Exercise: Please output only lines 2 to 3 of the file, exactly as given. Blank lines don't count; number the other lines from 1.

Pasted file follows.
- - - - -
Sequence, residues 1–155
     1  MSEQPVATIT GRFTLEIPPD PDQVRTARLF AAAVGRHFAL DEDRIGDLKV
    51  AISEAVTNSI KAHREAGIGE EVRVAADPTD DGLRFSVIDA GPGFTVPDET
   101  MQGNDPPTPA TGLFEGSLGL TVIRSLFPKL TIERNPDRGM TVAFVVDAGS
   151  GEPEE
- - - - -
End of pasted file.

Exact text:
     1  MSEQPVATIT GRFTLEIPPD PDQVRTARLF AAAVGRHFAL DEDRIGDLKV
    51  AISEAVTNSI KAHREAGIGE EVRVAADPTD DGLRFSVIDA GPGFTVPDET